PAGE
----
Is antivirus getting worse?

Anti-virus software is getting worse at detecting both known and new threats

By Maria Korolov
Jan. 20, 2017


Criminals earned $1 billion from their ransomware last year, showing that it's consistently getting through defenses.

But there are some new, early-stage products that specifically target ransomware, he added.

"Some of them work, some of them don't -- this is still very early days," he said. "Sophos has acquired one of those companies and now have an additional module that specifically protects against ransomware, and that actually works fine, so Sophos is actually scoring well but they're one of the few that do."

Sophos, which offers both network and endpoint security products, is not included in the Virus Bulletin, but received a 100 percent score for blocking zero-day attacks in the latest antivirus reports.

"One of our major advantages is that we don't rely on any one technology," explained Dan Schiappa, senior vice president and general manager of end user and network security groups at Sophos. "We have a little mini analytics engine, and when it's scanning a file or looking at a behavior, it can call on a bunch of different pieces of technology to determine if it's malware."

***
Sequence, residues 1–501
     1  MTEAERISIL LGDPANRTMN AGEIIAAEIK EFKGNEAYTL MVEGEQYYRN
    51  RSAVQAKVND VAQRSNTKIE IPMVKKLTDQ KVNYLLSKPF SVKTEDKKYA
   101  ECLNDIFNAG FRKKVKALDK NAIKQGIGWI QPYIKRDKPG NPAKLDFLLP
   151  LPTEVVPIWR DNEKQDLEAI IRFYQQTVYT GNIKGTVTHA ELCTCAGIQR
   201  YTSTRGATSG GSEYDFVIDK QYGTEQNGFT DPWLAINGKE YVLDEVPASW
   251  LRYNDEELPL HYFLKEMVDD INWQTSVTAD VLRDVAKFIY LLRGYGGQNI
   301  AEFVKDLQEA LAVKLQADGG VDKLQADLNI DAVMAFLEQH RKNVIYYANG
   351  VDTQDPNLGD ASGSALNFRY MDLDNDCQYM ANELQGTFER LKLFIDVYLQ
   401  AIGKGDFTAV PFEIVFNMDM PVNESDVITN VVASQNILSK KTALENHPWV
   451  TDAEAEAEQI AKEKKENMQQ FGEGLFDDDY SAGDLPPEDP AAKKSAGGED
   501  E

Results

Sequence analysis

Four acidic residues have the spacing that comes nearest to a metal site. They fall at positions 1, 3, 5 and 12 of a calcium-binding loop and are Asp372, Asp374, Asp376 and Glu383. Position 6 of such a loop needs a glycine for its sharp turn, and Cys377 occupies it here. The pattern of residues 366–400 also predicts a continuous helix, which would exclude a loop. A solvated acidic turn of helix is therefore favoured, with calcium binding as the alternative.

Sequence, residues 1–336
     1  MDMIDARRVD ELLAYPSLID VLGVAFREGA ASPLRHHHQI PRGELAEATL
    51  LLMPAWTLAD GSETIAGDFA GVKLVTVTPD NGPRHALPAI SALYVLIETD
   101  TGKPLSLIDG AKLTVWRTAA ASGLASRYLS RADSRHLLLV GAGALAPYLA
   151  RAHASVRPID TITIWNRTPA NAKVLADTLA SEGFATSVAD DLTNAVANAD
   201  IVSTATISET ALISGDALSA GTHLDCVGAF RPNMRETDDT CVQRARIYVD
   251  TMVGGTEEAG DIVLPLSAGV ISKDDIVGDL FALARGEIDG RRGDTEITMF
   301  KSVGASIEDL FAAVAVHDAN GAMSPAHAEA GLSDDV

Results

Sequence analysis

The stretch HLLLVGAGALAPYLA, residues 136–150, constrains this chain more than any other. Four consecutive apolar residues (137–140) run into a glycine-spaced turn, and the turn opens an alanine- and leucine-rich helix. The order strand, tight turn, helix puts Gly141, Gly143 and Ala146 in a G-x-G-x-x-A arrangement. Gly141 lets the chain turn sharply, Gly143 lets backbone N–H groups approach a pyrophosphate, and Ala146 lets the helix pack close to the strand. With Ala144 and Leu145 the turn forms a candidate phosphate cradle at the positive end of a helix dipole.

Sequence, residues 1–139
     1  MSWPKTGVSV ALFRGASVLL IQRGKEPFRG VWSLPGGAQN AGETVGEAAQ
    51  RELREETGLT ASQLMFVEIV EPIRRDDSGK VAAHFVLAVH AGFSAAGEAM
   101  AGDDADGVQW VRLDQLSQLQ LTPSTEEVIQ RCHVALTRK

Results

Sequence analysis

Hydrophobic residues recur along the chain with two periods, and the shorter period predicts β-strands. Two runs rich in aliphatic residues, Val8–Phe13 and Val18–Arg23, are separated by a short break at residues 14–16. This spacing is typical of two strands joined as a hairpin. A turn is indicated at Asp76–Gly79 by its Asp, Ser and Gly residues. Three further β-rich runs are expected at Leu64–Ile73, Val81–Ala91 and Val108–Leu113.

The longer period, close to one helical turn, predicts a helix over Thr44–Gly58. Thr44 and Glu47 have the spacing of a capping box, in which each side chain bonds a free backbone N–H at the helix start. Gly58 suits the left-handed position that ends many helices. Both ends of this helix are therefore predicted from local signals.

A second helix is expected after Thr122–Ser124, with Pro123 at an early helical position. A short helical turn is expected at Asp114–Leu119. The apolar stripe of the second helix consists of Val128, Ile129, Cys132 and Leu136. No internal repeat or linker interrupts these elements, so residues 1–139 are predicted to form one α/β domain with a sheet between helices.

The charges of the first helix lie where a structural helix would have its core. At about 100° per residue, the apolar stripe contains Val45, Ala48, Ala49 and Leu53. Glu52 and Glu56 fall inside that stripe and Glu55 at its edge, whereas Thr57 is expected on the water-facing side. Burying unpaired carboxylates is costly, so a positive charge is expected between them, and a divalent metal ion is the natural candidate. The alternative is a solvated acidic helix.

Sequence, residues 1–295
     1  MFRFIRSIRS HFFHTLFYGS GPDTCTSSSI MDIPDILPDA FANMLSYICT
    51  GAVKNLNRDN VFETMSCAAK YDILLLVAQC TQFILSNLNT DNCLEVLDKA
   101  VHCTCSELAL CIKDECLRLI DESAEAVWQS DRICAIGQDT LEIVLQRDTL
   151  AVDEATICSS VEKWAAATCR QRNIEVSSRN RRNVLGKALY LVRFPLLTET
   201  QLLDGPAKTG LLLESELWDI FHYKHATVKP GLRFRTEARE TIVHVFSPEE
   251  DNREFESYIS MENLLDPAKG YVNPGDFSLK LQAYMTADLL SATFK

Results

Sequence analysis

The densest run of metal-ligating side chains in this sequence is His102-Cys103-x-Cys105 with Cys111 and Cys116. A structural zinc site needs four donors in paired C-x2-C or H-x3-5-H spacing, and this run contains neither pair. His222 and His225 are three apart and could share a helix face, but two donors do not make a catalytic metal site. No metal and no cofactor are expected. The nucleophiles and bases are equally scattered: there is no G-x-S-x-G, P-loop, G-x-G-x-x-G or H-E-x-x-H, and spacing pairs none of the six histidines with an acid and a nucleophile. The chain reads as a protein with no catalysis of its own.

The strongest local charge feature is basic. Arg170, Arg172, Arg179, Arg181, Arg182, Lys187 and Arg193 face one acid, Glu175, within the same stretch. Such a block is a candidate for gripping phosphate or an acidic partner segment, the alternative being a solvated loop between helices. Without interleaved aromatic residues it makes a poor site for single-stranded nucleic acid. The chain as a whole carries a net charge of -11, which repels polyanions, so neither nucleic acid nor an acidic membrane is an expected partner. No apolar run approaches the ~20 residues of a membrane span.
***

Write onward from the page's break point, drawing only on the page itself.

The new Intercept X product, which is designed specifically for zero-day threats, looks at how malware attacks systems.

"There are only about 24 different ways that you can exploit a vulnerability," he said. "We might get a couple of new techniques a year, and as long as we keep up with those techniques, we're in pretty good shape. For example, one new technique is to get into the pre-boot environment, and we're building protections against that."

Some vendors dispute whether the results of this one set of tests is conclusive.

"Test scores tend to fluctuate as attackers create new techniques and defenders continue to innovate," said Mark Nunnikhoven, vice president of cloud research at Trend Micro.

Trend Micro was not included in the Virus Bulletin report.

"I can't speak to why we did not participate in this specific round of testing, we do have a lot of respect for Virus Bulletin," said Nunnikhoven.

Instead, he pointed out to his company's performance with AV Test. There, Trend Micro scored at 100 percent in 11 out of the last 14 zero-day detection tests for Windows 7 and Windows 10, and 99 percent on the other three tests.

In fact, average scores on the AV Test of zero-day detection have been going up, from under 97 percent in early 2015 to over 99.7 percent during the last Windows 10 testing round.

Another problem with some tests is how they measure successful detection, said David Dufour, senior director of engineering at Webroot.

Signature-based antivirus can spot malware early, but behavior-based systems have to wait for the malware to actually try to do something.

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